It was the weekend when Formula One had to come to terms with its grief in public: Imola, one year on.
Officials had taken the precaution of removing the shattered remains of Ayrton Senna’s Williams, still yet to divulge its secrets, to safer storage. Superficially, most of the scars resulting from last year’s carnage were gone. Mentally, though, they remained.
“You don’t see the old Imola any more when you are on the circuit, but you are back to this place and it is very difficult to come back here and compete in a racing car,” admitted Michael Schumacher, whose countenance clouded the instant that last year’s race was mentioned. “I would rather have gone somewhere else, to be honest.”
That photographers actually penetrated the circle of drivers observing a minute’s silence before the race was a graphic illustration of how hard it was to reconcile past with present.
“You can’t ask these kind of questions,” responded Mansell at one point when besieged by a media scrum anxious for comments about Senna. “If I think about that sort of thing I just can’t function as a driver.”
The press couldn’t function without copy, and predictably most of it overlooked the fact that the weekend was as hard for the Simtek team as it was for Williams. Mika Salo was one of the few people to venture down to the spot where Roland Ratzenberger surrendered his life, and quietly laid a tribute of his own. Meanwhile the world and its wife congregated at Tamburello, where Senna’s helmet is spray-painted to a wall now bedecked with flags, T-shirts and floral tributes.
‘Someone killed the king’ proclaimed one banner, and many will argue that one of the world’s most challenging circuits died with him. With its flowing lines now rent by chicanes, Imola ’95 was a vastly different circuit to its predecessor.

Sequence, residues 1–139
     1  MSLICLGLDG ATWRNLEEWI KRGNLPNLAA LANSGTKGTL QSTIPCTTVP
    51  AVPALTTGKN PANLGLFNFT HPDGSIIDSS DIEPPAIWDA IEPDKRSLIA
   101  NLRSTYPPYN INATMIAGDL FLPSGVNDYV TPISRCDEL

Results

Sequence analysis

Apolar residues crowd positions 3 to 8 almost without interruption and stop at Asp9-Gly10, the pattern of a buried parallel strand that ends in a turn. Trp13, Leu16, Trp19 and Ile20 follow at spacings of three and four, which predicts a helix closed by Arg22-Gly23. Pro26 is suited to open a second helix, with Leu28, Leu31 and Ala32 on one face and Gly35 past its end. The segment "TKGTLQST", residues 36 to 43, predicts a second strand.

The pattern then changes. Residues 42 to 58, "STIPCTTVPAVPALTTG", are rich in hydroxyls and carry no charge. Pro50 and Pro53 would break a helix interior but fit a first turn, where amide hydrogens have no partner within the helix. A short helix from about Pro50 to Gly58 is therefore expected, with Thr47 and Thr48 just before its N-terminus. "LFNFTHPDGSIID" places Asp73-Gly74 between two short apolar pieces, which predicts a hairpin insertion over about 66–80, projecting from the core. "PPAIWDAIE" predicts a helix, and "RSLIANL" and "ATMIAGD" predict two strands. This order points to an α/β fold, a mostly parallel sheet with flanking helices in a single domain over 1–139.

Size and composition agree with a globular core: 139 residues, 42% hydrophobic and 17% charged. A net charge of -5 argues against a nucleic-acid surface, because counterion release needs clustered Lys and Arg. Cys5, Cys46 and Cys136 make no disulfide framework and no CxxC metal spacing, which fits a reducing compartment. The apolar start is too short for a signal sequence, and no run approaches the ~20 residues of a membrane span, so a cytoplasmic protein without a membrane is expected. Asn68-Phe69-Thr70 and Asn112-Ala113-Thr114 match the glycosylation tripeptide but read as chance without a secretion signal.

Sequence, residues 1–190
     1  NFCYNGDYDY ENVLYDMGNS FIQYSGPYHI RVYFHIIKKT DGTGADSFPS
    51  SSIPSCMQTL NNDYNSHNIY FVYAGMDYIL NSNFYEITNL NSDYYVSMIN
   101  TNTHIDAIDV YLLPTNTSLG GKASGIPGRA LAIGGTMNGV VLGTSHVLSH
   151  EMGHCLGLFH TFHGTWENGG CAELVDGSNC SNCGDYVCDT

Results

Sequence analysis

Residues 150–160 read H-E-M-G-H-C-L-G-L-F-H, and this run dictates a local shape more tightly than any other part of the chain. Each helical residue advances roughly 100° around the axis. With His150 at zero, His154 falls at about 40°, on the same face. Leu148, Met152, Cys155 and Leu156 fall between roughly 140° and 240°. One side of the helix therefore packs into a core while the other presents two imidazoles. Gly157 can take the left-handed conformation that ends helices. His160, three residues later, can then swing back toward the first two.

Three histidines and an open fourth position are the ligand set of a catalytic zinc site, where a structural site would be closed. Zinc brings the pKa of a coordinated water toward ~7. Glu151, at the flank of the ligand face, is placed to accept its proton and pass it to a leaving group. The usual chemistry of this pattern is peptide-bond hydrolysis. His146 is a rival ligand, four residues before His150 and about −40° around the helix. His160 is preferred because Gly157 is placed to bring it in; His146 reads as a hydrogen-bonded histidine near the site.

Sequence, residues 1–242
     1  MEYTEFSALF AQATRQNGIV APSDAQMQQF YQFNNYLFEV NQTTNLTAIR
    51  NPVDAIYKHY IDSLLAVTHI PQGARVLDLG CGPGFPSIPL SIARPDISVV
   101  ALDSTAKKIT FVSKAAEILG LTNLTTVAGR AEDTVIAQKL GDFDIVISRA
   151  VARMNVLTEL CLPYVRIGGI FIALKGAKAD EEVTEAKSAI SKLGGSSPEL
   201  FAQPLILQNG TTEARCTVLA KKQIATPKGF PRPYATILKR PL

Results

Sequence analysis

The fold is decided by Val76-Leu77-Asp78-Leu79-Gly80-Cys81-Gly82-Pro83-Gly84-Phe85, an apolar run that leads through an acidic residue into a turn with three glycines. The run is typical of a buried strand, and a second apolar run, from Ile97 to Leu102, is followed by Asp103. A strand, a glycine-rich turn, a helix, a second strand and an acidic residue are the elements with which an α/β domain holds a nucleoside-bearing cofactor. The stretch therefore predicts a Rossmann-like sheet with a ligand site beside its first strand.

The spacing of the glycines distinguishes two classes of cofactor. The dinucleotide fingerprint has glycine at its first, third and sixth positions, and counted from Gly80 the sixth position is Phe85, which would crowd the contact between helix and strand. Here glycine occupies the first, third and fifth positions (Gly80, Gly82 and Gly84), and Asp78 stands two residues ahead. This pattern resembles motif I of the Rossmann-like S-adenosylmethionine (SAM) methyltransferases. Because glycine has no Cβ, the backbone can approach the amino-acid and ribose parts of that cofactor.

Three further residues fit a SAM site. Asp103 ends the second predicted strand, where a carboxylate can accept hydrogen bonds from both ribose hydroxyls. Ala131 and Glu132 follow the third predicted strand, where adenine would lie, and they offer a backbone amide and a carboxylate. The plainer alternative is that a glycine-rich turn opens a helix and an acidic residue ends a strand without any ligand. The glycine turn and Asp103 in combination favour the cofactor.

“The corners that made your heart beat faster in the past have gone,” admitted Berger, “but the track is still difficult, although much safer.”
“I love the old circuit,” says Prof Watkins, who is heading Formula One’s safety initiative. “To be driven round the circuit by Phil Hill, as I was some years ago, in a Ferrari given by Enzo, was an unbelievable experience. As long as you didn’t leave the road…
“We either need more run-off, or we need to change the configuration of the circuit, like we saw at Tamburello. What we don’t want to do is put chicanes everywhere and spoil motor racing, so that it is short bursts everywhere and then through a wiggle, but the geography at Imola was impossible. I thought this year’s track was very, very much safer.”
The problem, as Ferrari President Luca di Montezemolo identifies, is that motor racing involves an uneasy trade between safety and romance.
Harvey Postlethwaite, one of many assisting Watkins’ task force, is currently giving input on car and circuit dynamics in order that the balance be maintained.
“I think it is a great shame that Imola has become just another track,” muses the Tyrrell designer. “All the corners are the same speed. They did a super job, and they did it all in time, but the circuit we’re left with: yawn, really. I’m afraid.
“I think that when you react quickly, it’s very easy to react in the wrong way and I think the changes at Imola had to be made quickly. I suppose that had anyone proposed another fast corner, they would have said no. It was an inevitability, particularly in the wake of the Senna incident.”
Rather than relaxing now that a gruesome anniversary is past, this is the time to push harder than ever on safety, reasons Niki Lauda, who was so instrumental in the re-formation of the Grand Prix Drivers’ Association.
He has a strong ally in the form of FIA President Max Mosley, who is helping to push forward the safety initiative. “I do not believe it is right to accept a certain level of injuries,” insists Mosley, who visited Imola for himself. “Although we will never get to the stage where Formula One is completely safe, that must be our objective…”